Is Offset Better Than Digital Printing?
Dare we ask... But who better to take a shot at answering than the printer who does both?
Most beeline commercial printers will tell you their technology is just as good as anybody’s. But we’re in a unique position here at Bambra. Thanks to our high-performance Heidelberg Offset Press and our HP Indigo Digital Presses, we know there’s precedence for both. Here’s why:
Every job will have a unique brief, including its own design, budget and deadline requirements. That means there’s no cookie-cutter answer. But you can choose the most appropriate option by understanding the pros and cons of digital and offset printing.
Best for small runs?
Most likely digital. But it would also depend on the result you’re after.
Thanks to digital technology, smaller quantities of print have never been more affordable. If you’re looking to print fewer than 500 pieces, digital printing boasts a significant cost advantage.
Best for high-volume jobs?
Every job is different and you’ll need to engage a print expert to determine where the volume break is.
In most instances, offset printing will be more economical for projects that are big enough to negate the front-end costs. Think magazines, newspapers, letterheads, business cards, direct mail and other bulk order items. But our digital presses are capable of a lot and you’ll want to make the most of your printer’s services. That’s why Bambra assigns dedicated account managers to each job. Our experienced team will offer you the best advice depending on your specifications.
Best for large sheet sizes?
It's a draw.
Thanks to Bambra’s top-of-the-line equipment, our digital and offset presses are capable of the same maximum sheet size. But if your specifications go beyond A2, our large-format department can handle just about anything.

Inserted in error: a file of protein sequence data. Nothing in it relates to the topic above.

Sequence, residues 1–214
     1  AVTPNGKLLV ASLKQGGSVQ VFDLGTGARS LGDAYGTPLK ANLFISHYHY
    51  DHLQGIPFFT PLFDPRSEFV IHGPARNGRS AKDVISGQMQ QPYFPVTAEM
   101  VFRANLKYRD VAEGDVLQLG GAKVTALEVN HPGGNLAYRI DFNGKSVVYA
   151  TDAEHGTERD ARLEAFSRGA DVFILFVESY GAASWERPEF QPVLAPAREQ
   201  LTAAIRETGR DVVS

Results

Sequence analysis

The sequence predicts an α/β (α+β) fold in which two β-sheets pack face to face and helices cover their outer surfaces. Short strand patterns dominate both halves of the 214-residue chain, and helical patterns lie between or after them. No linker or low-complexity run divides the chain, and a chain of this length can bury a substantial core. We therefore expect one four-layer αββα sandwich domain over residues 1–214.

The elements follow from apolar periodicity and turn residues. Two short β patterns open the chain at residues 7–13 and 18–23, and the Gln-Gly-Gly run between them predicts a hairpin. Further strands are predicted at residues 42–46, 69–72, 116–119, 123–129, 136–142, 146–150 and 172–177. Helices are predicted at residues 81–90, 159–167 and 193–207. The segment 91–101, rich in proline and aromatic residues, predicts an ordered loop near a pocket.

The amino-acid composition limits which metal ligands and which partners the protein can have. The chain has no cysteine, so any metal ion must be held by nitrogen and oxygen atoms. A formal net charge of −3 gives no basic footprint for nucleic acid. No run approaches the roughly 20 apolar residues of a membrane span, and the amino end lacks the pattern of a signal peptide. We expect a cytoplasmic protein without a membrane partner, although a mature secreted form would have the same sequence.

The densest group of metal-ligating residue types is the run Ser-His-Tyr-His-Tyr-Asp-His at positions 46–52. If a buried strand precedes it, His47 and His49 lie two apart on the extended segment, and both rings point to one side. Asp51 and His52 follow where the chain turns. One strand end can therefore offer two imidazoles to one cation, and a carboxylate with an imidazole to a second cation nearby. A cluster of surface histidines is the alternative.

Best for special colours?
When it comes to achieving special colours, offset is the clear winner.
Unless, of course, you’re looking to print with white ink. In which case, you’ll need to print digitally.
There are two ways to reproduce colour on paper with ink. CMYK (Cyan, Magenta, Yellow and Black) is the basic four-colour process used for printing. But as different stocks will manipulate the pigment, the colour gamut of every press will be unique.
That’s why big name brands will often stick to the more accurate Pantone Matching System (PMS) to ensure consistency across a range of substrates. Maintaining the integrity of colour is more difficult with digital printing because it only uses a four-colour process. With offset, a fifth, custom PMS colour is added to the recipe for a more accurate, vibrant result.
It can also supply many types of varnishes or aqueous coatings for those special technical features (or to save yourself from scuff marks).
Best for image quality?
That depends on the job.
Offset produces the highest print quality available on the widest variety of stocks. The process transfers ink from a plate to a rubber blanket and onto a printing surface. With 200 lines per inch, the final image is crisp, clean and professional—perfect for drawing out fine detail in those premium jobs.
But digital printing has made rapid strides in respect to quality. Thanks to ongoing technological advancements, we’ve successfully innovated and diversified our services. In fact, our digital presses are better suited for a range of jobs (even those that were historically output on an offset press).
Best for quick turnarounds?
Both are title-holders in Bambra’s books.
Because offset uses plates and mixes ink, most printers will tell you an offset job can’t be done in a hurry. At Bambra, we take deadlines seriously. And we’ll rise to the occasion no matter what your requirements are.
We exist to help our clients look brilliant
Getting expert help is a crucial part of the process. That’s why we pride ourselves on being the print partner you can trust to get it right either way.
Get in touch
firstname.lastname@example.org | (03) 8698 3233